BRCA1-associated DNA Repair Dysfunction in Patients With Early Triple Negative Breast Cancer Treated With Neoadjuvant Platinum-based Chemotherapy
The purpose of this study is to assess efficacy of platinum-based neoadjuvant chemotherapy in correlation with BRCA1-associated DNA repair dysfunction in patients with early triple negative breast cancer.
Early Triple Negative Breast Cancer
Drug: Doxorubicin, Paclitaxel, Cisplatin
|Study Design:||Endpoint Classification: Safety/Efficacy Study
Intervention Model: Single Group Assignment
Masking: Open Label
Primary Purpose: Treatment
|Official Title:||Identification of BRCA1-associated DNA Repair Dysfunction in Patients With Early Triple Negative Breast Cancer Treated With Neoadjuvant Platinum-based Chemotherapy|
- The pathological complete response rate to neoadjuvant platinum-based chemotherapy [ Time Frame: after 8 weeks of neoadjuvant chemotherapy ] [ Designated as safety issue: No ]Pathologic treatment response will be assessed in correlation with BRCA1-associated DNA repair dysfunction signature.
- Disease-free survival [ Time Frame: 3 years ] [ Designated as safety issue: No ]
- Clinical responses to neadjuvant chemotherapy [ Time Frame: after 8 weeks of neoadjuvant chemotherapy ] [ Designated as safety issue: No ]
- Number of patients with 3/4 Grade CTC adverse events to assess toxicity and tolerability of the chemotherapy regimen [ Time Frame: after 8 weeks of neadjuvant chemotherapy ] [ Designated as safety issue: Yes ]
|Study Start Date:||August 2011|
|Estimated Primary Completion Date:||January 2014 (Final data collection date for primary outcome measure)|
Experimental: Neoadjuvant platinum-based chemotherapy
Doxorubicin, Paclitaxel, Cisplatin
Drug: Doxorubicin, Paclitaxel, Cisplatin
Doxorubicin 25 mg/m2, IV weekly. Number of Cycles: 8 Paclitaxel 100 mg/m2, IV weekly. Number of Cycles: 8. Cisplatin 30 mg/m2, IV weekly. Number of Cycles: 8.
Recent gene expression profiling of breast cancer has identified specific subtypes with clinical, biologic, and therapeutic implications. The basal-like group of tumors is associated with aggressive behavior and poor prognosis, and typically do not express hormone receptors or HER-2 ("triple-negative" phenotype). Therefore, patients with basal-like cancers do not benefit from currently available targeted systemic therapy.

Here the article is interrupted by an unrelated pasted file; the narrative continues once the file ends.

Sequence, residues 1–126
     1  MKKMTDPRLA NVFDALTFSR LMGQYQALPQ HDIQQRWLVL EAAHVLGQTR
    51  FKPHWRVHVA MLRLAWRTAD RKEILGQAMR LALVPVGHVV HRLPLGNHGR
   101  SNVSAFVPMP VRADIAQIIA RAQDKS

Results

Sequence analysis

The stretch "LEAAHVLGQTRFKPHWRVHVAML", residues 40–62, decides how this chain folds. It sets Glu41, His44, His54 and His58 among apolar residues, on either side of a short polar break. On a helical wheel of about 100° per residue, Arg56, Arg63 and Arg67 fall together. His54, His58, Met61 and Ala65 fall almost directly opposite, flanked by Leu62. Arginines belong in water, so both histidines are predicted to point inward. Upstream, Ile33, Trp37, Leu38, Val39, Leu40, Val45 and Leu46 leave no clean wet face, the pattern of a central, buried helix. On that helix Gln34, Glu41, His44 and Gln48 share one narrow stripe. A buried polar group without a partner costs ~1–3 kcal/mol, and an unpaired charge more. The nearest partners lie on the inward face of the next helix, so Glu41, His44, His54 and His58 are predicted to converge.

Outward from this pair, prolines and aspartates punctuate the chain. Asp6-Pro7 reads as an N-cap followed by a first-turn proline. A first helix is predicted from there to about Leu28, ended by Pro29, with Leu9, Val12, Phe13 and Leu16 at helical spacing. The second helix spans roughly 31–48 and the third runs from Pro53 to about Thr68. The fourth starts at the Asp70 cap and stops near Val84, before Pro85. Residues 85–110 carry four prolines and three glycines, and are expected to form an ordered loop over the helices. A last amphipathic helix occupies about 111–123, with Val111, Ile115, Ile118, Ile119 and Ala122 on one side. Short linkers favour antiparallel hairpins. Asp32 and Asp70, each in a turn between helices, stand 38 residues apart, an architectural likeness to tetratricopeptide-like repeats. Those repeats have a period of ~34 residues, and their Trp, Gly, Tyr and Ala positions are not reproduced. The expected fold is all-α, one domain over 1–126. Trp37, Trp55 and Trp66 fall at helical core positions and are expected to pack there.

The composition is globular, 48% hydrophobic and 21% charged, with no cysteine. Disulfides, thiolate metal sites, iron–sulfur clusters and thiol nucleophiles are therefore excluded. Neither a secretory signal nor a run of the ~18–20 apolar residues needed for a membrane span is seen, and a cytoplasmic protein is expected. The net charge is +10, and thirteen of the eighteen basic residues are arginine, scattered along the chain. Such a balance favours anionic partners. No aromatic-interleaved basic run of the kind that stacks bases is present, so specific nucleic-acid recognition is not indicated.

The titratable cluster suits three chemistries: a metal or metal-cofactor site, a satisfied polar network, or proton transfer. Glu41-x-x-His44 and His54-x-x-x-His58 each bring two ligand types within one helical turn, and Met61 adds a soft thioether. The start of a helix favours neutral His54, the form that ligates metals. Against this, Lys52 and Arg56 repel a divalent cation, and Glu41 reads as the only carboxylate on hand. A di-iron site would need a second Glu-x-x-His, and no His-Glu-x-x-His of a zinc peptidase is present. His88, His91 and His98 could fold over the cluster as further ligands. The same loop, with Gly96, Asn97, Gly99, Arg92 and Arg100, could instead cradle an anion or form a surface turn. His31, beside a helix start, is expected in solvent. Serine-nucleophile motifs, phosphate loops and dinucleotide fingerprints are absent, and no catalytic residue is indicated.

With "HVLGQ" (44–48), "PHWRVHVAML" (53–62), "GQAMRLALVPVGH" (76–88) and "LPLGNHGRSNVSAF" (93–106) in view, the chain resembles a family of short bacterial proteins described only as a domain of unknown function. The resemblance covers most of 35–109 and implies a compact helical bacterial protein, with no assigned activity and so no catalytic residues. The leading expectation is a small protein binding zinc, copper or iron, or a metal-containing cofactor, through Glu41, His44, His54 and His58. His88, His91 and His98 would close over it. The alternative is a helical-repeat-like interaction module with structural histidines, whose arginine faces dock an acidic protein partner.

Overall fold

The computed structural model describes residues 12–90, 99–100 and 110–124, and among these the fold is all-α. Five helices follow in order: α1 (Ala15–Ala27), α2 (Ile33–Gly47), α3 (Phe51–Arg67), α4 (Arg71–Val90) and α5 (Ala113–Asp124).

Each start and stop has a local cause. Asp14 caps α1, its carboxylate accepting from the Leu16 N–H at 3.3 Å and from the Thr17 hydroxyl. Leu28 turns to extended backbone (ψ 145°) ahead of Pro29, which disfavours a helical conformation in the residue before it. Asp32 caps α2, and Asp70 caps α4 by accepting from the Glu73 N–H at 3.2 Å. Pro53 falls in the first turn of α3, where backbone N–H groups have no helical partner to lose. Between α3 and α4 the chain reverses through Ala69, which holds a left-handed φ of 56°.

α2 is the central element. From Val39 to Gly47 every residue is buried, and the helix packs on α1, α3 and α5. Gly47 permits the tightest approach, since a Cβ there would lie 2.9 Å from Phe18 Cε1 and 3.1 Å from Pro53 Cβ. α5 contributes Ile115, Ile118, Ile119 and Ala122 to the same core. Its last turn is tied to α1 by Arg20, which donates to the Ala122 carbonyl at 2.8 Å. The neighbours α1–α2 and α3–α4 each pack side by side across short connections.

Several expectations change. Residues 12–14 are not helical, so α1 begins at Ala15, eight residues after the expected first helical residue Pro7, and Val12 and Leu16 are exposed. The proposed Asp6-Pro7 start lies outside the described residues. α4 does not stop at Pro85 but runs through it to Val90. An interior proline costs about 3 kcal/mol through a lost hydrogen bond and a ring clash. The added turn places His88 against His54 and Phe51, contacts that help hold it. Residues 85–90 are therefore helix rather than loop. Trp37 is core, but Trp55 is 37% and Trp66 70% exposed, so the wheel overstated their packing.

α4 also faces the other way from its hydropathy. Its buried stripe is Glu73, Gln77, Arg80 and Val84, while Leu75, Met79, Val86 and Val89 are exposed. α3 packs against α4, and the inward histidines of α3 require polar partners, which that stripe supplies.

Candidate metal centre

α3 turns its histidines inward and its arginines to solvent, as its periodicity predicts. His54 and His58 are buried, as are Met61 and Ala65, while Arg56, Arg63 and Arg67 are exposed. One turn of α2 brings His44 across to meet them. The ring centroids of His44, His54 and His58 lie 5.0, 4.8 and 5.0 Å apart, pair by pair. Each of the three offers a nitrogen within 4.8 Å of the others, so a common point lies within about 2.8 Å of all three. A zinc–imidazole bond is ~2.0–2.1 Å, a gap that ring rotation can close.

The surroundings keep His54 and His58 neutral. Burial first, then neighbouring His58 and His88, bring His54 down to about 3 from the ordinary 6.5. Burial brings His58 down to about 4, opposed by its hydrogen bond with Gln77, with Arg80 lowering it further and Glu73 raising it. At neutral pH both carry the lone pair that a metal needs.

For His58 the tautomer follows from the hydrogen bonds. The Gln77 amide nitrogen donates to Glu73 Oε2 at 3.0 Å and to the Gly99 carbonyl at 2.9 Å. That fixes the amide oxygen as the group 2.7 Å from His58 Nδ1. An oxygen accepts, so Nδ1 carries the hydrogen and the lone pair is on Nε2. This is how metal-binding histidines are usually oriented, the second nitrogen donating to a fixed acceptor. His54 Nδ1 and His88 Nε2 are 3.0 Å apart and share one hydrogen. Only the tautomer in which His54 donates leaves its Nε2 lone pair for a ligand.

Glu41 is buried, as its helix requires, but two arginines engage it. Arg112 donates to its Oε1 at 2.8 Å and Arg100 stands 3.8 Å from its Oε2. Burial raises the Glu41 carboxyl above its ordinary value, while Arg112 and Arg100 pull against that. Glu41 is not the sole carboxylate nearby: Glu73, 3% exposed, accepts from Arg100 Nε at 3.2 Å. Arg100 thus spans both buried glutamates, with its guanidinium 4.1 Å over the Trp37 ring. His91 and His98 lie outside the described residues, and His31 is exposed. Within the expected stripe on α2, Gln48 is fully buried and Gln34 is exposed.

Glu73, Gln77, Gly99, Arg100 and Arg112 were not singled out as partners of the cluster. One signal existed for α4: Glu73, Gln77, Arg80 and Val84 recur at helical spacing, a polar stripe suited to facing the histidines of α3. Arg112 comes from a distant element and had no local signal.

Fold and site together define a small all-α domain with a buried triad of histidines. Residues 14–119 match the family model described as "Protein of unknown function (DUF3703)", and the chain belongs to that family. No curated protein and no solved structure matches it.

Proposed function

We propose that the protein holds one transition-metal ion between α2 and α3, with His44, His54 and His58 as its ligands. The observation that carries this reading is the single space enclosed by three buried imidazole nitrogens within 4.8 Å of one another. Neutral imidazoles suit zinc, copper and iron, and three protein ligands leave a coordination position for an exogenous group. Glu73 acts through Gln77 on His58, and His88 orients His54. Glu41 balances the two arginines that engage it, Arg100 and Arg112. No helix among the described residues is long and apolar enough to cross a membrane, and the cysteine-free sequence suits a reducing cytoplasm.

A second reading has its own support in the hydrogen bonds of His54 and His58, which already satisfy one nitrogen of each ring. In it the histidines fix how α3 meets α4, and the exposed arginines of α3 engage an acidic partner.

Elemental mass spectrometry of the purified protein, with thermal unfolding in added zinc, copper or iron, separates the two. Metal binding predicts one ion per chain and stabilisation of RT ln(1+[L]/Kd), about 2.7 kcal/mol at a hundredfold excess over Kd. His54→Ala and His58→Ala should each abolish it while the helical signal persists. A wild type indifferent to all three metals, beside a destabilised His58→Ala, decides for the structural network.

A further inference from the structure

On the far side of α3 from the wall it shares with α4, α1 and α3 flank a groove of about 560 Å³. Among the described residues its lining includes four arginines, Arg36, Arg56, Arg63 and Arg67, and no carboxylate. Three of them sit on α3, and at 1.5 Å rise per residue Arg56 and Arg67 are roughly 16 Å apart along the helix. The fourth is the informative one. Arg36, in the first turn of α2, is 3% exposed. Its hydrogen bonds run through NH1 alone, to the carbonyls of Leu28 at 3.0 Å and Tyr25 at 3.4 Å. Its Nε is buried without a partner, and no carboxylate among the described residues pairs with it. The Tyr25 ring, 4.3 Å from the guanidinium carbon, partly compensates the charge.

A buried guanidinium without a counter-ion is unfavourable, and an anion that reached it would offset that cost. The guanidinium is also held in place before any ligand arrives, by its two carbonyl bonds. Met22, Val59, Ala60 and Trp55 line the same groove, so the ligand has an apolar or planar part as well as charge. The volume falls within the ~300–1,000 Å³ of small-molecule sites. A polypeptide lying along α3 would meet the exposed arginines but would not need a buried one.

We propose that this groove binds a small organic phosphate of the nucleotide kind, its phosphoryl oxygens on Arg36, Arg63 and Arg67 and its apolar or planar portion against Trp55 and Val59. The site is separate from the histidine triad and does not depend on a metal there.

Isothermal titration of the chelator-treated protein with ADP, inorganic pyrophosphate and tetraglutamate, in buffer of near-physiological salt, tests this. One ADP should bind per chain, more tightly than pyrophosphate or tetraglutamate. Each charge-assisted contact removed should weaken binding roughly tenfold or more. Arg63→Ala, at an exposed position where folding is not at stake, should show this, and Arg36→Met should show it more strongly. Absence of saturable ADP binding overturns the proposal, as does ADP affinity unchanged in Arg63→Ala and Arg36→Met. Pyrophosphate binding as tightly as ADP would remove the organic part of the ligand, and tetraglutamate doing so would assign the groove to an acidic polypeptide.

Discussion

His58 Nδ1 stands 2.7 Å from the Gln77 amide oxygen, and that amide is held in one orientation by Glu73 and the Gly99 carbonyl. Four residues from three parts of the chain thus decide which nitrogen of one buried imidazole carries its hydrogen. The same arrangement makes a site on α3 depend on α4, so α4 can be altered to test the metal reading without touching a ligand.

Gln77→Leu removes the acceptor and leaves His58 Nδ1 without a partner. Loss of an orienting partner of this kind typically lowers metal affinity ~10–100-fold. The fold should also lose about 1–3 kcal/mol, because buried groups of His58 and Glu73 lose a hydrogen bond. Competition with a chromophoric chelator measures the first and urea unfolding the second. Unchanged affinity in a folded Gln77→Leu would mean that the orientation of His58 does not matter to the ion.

There is a lot of evidence about a link between basal-like breast cancer and BRCA1 deficiency. Many clinical characteristics and molecular features are shared by basal-like breast cancers and tumors that arise in carriers of BRCA1 germline mutations.
Some studies have indicated that BRCA1 mRNA expression was lower in basal-like sporadic cancers than in controls matched for age and grade. BRCA1 is rarely mutated in sporadic breast cancers and, therefore, it is believed that this may be a result of epigenetic mechanisms such as acquired methylation of the BRCA1 gene promoter or a dysfunction in the pathways that regulate BRCA1 expression, such as overexpression of ID4. The profound similarities between hereditary BRCA1-related breast tumors and basal-like tumors strongly implicate a fundamental defect in the BRCA1 or associated DNA-repair pathways (p53, PTEN) in sporadic basal-like tumors.
There is increasing evidence that the BRCA1-related DNA-repair defects, especially defective homologous recombination, determines sensitivity to certain agents, such as platinum salts-based chemotherapy. The complexity in downregulation of BRCA1 expression suggests that these approaches may only be effective in the treatment of a subset of sporadic basal-like cancers. Identification of specific markers for these cancers will be essential to translate an understanding of defective DNA repair into targeted treatments for this poor prognosis subtype.
Please refer to this study by its ClinicalTrials.gov identifier: NCT01672671
|Contact: Mona Frolova, PhDfirstname.lastname@example.org|
|Contact: Ekaterina Ignatovaemail@example.com|
|Russian Cancer Research Center named after N.N.Blokhin RAMS||Recruiting|
|Moscow, Russian Federation, 115478|
|Contact: Mona Frolova, PhD +74993241880 firstname.lastname@example.org|
|Contact: Ekaterina Ignatova +74993241900 email@example.com|
|Principal Investigator: Mona Frolova, PhD|